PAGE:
What can you do, as a nutrition communicator, if you encounter the ‘destroyers of enthusiasm discussed in Chapter 3?

Biweekly book study

Based on the study of Enhancing Adult Motivation to Learn.

Activities:

  1. For the assigned chapter(s) of Enhancing Adult Motivation to Learn write a journal entry. For each book study include:

i. three key learnings (for each learning, indicate which chapter it is from)

ii. state how each learning relates to the course content (that is, use of language, enhancing motivation, program planning, and counselling approaches) and informs your approach to nutrition counselling/education.

Grading

Three key learnings

3 pts

Statement of how each learning relates to course content

2 pts

0.1 for each type of error in spelling, grammar, punctuation, not using first person

(up to -2 pts)

As these are journal entries, you may use more informal language than if you were writing a research paper. You must use first person when describing your learning.

For each Book Study, you will review two chapters at a time and write about your three key learnings. This is not three key learnings from each chapter, but rather three key learnings from the set of chapters you read. For example, when you read Chapters 1 and 2, you may choose to discuss one key learning from Chapter 1, and two from Chapter 2 (or vice versa). Both chapters you read should be discussed. It is likely you will have more than three key learnings; students often comment they could write about more than three for each chapter! For the sake of being concise please keep it to three per book study.

Chapter 3: Characteristics of a Motivating Instructor (this is a long chapter, give yourself plenty of time)

Chapter 4: What Motivates Adults to Learn

Things to consider

· In Chapter 3, the five pillars of expertise, empathy, enthusiasm, caring, and cultural responsiveness are discussed; how, if at all, do these pillars have relevance for nutrition communications?

· What is the relevance of “Do I know what I don’t know?” to nutrition communicators

· Experts have more experience than their clients – how can nutrition communicators bridge this divide?

· Listening is most important – what does this mean for nutrition communicators?

· How you say something is more important than what you say for adult learners – what does this mean for nutrition communicators?

· What can you do, as a nutrition communicator, if you encounter the ‘destroyers of enthusiasm discussed in Chapter 3?

· Towards the end of the chapter the authors indicate that teachers of adults should do three things: create safe, inclusive, and respectful learning environments; engage the motivation of all learners; relate course content and learning to the social concerns of learners and the broader concerns of society. Is this asking too much of nutrition communicators?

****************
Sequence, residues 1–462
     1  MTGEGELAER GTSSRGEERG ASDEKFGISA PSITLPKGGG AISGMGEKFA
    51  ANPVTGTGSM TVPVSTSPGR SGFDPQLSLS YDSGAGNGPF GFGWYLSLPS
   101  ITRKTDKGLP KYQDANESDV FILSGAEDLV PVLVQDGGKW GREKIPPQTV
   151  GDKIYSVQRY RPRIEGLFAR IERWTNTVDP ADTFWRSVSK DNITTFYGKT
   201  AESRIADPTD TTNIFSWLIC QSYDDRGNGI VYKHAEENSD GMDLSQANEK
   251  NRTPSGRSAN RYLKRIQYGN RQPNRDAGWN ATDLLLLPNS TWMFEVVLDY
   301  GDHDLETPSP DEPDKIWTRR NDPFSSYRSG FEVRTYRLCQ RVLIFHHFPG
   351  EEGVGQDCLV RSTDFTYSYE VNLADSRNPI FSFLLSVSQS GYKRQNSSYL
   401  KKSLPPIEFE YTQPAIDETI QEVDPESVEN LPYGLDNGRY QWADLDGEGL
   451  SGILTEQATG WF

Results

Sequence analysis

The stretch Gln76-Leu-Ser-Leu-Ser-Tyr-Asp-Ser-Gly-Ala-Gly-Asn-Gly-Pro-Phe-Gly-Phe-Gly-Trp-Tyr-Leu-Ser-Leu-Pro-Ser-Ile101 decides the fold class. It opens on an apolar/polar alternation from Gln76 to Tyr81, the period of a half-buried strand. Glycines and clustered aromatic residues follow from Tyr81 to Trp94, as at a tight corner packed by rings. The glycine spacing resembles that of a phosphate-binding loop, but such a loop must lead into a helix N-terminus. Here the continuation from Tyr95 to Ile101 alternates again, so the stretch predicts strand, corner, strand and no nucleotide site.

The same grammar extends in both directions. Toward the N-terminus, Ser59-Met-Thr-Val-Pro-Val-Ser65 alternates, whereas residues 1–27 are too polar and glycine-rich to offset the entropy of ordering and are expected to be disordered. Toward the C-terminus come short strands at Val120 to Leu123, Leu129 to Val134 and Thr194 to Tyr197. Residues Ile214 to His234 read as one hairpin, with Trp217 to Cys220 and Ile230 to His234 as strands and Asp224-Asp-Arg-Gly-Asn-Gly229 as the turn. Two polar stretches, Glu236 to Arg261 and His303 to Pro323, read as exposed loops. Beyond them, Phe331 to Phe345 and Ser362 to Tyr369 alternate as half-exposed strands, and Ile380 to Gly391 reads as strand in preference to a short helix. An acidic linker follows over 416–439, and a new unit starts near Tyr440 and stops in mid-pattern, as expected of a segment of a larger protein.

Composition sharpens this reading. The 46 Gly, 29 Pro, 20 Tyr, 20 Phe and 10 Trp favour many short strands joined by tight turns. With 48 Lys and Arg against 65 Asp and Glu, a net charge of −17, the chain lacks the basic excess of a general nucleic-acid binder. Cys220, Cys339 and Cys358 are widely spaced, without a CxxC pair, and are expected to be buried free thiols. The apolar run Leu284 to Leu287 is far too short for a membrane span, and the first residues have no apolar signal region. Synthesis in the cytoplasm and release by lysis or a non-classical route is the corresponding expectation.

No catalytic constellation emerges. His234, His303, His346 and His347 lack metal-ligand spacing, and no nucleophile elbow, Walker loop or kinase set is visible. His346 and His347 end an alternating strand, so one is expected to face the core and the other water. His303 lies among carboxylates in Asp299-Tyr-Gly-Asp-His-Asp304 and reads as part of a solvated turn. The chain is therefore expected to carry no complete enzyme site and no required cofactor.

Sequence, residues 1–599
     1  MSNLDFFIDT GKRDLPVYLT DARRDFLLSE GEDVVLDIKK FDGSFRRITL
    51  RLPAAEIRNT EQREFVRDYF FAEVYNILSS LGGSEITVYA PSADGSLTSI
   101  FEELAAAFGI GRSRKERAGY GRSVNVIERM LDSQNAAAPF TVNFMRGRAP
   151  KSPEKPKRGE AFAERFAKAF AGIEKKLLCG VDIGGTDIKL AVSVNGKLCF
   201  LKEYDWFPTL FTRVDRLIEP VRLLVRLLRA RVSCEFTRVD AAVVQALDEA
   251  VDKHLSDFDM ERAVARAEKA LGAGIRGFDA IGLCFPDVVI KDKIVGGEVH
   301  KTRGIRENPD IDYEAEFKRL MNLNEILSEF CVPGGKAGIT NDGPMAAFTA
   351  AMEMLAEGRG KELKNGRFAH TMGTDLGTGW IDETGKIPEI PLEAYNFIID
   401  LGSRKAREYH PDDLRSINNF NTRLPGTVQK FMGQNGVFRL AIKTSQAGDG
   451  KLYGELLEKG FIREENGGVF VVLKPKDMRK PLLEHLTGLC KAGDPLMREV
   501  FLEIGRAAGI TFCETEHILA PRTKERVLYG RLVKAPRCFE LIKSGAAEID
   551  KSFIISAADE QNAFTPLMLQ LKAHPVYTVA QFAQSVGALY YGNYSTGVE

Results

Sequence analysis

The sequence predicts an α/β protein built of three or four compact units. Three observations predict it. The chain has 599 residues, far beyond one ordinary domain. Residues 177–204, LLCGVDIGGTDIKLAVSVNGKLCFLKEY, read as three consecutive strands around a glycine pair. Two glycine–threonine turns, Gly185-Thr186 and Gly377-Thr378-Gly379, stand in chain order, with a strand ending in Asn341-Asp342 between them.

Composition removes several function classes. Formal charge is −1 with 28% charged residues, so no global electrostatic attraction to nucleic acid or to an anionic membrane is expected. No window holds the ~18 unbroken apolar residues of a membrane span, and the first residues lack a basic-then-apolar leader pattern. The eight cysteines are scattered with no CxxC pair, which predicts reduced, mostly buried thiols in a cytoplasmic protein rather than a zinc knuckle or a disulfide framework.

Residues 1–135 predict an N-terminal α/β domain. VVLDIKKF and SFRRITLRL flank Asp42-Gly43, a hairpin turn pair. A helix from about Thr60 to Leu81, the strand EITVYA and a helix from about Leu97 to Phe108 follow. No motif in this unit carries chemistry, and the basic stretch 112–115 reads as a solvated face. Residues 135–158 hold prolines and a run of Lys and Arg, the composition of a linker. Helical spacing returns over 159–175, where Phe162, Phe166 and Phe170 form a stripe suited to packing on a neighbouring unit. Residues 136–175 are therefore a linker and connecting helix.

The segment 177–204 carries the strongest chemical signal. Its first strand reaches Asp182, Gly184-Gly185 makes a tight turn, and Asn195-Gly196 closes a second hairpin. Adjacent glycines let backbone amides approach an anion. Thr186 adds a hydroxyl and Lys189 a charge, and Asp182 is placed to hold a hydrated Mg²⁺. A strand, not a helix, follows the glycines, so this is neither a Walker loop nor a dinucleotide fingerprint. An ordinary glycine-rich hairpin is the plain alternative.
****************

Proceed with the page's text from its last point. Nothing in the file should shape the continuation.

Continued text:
· In Chapter 4, the authors discuss what motivates adults to learn, and indicate early on that educators need to both help adults be both successful and willing learners.

· What are some actions nutrition communicators can take to help adults be successful learners?

· What are some actions nutrition communicators can take help adults be willing learners?

· How can nutrition communicators promote a feeling of safety?

· The authors indicate that threat of any kind causes people to look for ways to be safe – how might nutrition communicators be perceived as a threat?

· How do we, perhaps in counseling or in group sessions, address client meaning to

· enhance motivation?

· What is the Motivational Framework for Cultural Responsiveness, and how might this be relevant for nutrition communications

Formatting/Spelling/Grammar

All assignments require a cover page. Any paper-based assignments with hard copies required are to be stapled in the upper left corner (-1 point for not stapling).

Attend to:

  1. 12 font (used consistently throughout, and the same font used throughout).

  2. Double space.

  3. 2.5 cm (1”) margins.

  4. Include your name, student number, date, course #, and my name on title pages.

  5. Include a title that is descriptive of the content of your assignment (not “Assignment #1”).

  6. Use headers and subheaders per APA formatting to organize your writing.

  7. Number all pages.

  8. Use APA style (6th edition) for references, in-text citations, quotations, etc.:

· double space references in reference list

· no extra spaces between references

· no extra space between paragraphs

  1. Do not use fancy embellishments or borders to make your work look pretty.

  2. Write out all numbers less than 10; use numerals for numbers greater or equal to 10.

  3. Use Canadian spelling, not American (counselling, not counseling; favour, not favor).

  4. Do use the Oxford comma.

  5. Ensure agreement of subject and verb (when using singular/plural).

  6. Use first person when describing your perspective.

  7. Watch spelling, grammar, and punctuation. This is a communications class, and these things impact the quality and clarity of your work.

NUTR 3713: Introduction to Communications (Winter 2016)

  1. When discussing research, get in the habit of making the authors the subject of your sentence as much as possible. For example: “Campbell Bligh (2017), proposed that…” vs. “A(n) study/article showed…(Campbell Bligh 2017)”. The author or authors are the ones who tell us things; the article you read is the vehicle for that message, and the study is what the author did. It is fine to start a paragraph with something like “There is a large body of research to support…”, so long as you then elaborate with what specific authors have said within this body of research.

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